Hot Take: Heavy. Maybe… the… most… serious… summer movie… I’ve ever… seen.
When I think summer blockbuster, I think the opposite of what I saw unfold in War for the Planet of the Apes, the third installment of the Planet of the Apes trilogy. Yes, it was a big budget action packed film. Usually, though, these action heavy films provide some level of fun and excitement. With War for the Planet of the Apes, you instead get tension, evolved thinking and a serious debate on morality and humanity. Yes, it has all the elements of a Sci-Fi film. However, the film is closer to Shakespeare, historical allegories to the civil rights movement and slavery or even the Bible than your normal Sci-Fi fare. There is absolutely nothing trivial about this summer sequel in a series that has traditionally been known for raising the bar well above the usual summer offering. However, that being said, it ain’t the fun, popcorn flick you’re used to seeing either.
One of the weirdest things about War for the Planet of the Apes is because of how serious the film is, I find it really difficult to make jokes about it. Even in the opening “Hot Take” snippet, I made a dig at the speech patterns of many of the characters, as it seemed like the film was written to provide Mystery Science Theater 3000 with enough long pauses to fit in as many jokes as possible. With words like “thoughtful” and “smart” and “powerful” and “edgy” coming to mind when looking for descriptors of what unfolded on screen, it feels disingenuous to point out that the film’s main characters appear to be eunuchs to prevent audience members from having to go through a biology lesson in addition to the history and philosophy lessons the film provides.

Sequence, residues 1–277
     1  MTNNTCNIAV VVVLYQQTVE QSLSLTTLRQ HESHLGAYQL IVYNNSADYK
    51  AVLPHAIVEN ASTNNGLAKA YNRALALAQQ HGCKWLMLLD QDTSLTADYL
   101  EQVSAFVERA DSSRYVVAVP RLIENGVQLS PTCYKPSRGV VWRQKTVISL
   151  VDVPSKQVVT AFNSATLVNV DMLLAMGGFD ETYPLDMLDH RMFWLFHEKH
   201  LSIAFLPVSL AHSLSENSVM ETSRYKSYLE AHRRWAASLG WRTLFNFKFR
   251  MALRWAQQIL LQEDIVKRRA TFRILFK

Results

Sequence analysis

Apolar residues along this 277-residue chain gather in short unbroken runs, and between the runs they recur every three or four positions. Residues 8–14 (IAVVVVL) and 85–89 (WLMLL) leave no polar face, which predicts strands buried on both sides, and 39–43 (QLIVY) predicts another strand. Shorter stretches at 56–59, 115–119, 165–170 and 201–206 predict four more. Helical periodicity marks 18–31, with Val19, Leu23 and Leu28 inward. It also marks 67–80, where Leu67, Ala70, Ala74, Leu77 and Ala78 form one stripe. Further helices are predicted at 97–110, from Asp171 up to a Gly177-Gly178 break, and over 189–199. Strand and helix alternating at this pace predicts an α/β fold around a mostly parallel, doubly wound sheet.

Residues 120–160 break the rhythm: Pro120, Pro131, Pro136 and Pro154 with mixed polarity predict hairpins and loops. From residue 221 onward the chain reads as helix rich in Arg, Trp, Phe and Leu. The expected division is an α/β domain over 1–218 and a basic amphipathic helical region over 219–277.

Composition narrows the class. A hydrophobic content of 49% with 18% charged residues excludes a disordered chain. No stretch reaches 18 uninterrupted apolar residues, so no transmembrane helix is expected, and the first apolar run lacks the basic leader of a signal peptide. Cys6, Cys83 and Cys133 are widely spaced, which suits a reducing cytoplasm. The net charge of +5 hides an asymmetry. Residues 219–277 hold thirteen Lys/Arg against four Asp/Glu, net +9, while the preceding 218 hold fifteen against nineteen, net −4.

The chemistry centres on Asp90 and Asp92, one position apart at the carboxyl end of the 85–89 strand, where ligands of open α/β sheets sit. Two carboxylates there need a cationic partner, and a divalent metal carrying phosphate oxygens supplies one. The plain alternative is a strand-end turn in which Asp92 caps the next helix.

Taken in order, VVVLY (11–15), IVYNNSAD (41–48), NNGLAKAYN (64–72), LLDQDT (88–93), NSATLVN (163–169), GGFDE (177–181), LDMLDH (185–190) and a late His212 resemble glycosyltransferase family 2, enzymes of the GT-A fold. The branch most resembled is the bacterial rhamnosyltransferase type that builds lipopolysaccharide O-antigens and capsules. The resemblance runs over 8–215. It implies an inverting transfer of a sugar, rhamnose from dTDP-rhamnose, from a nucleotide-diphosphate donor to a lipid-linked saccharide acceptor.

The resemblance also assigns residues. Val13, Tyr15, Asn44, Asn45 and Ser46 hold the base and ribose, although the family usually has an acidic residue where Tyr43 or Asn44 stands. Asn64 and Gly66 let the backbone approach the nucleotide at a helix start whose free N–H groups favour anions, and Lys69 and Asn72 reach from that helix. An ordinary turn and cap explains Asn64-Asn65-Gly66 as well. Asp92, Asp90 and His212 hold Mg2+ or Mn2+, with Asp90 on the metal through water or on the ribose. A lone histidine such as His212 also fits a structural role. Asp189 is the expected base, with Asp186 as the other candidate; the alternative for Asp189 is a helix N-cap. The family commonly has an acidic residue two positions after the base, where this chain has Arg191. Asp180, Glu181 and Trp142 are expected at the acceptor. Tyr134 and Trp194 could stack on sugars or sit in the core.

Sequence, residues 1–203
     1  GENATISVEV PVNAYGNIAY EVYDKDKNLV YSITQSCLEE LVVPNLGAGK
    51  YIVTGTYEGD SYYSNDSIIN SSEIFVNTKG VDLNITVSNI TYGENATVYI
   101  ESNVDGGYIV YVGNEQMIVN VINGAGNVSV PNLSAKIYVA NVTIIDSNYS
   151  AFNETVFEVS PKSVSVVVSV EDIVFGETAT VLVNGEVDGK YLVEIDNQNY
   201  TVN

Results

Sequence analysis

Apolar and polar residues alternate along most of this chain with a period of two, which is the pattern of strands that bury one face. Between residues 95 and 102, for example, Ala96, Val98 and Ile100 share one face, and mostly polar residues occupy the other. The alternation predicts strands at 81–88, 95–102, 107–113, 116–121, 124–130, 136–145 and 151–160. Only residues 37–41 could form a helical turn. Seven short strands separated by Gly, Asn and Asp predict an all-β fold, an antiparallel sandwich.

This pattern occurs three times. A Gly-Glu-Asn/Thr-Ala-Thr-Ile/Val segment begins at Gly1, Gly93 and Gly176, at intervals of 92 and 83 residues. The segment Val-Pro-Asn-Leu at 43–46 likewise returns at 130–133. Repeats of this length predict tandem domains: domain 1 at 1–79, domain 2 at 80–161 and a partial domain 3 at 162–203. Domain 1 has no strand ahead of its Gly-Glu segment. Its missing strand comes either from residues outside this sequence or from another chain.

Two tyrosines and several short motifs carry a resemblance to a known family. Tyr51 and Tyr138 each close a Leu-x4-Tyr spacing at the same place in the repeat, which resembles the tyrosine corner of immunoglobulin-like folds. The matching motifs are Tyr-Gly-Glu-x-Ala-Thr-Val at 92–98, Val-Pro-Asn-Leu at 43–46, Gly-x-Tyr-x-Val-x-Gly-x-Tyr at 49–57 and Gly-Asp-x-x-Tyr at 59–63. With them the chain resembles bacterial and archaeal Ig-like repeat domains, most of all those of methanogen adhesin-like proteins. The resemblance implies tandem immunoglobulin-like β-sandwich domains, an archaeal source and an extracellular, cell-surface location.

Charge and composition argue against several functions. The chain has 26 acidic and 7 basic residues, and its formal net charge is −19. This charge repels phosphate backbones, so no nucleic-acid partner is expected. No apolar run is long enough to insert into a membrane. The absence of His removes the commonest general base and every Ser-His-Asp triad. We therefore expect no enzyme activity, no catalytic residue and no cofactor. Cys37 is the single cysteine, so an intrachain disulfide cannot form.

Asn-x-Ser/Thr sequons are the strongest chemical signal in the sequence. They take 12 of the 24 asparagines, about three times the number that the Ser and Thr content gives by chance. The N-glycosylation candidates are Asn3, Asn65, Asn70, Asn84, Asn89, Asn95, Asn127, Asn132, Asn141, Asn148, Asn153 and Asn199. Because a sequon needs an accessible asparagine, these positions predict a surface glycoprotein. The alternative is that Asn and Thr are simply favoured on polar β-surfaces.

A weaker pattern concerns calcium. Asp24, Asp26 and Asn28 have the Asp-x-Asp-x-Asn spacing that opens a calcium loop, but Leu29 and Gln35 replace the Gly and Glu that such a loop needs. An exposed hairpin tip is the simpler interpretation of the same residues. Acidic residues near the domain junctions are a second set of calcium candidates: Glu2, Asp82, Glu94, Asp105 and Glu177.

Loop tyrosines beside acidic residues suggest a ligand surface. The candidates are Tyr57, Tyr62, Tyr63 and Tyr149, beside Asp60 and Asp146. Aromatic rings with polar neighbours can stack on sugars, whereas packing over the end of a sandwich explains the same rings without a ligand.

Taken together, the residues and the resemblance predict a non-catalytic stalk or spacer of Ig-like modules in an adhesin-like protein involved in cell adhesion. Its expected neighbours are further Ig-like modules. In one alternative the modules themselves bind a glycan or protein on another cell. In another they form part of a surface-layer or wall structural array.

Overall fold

Having seen only bits and pieces of the first two films of the series while seeing all of the original Planet of the Apes films from the 60s and 70s , the latest film continues down the path of the first two films with its’ tone and avoids the more mindless path the original series went down. In the third installment, we are immediately thrust into a battle between man and ape in the middle of the woods as the human army thinks they have finally located the main base of the apes. What they come upon appears to be a trap set to ambush the humans and the apes take full advantage and behind the strong military leadership of Caesar (Andy Serkis), wipe out most of the human forces. Caesar captures a few of the human soldiers and instead of killing them, sends them back to their Colonel (Woody Harrelson) to send the message of a desire to co-exist together without war. There’s no time to breathe as Caesar’s son Blue Eyes returns with news of an opportunity for the on-the-run apes to descend into the desert and find their way to a peaceful, secluded and habitable area of land in what has many parallels to the Moses-led escape of the Jews from the Egyptians. Before Caesars’ clan can even begin their journey, a group of soldiers show up at their base camp and murder Caesars’ wife and son, leaving behind only Cornelius and sending Caesar into a fit of rage. This sets the stage for Caesars to separate from his clan and seek out revenge on the Colonel for murdering his family.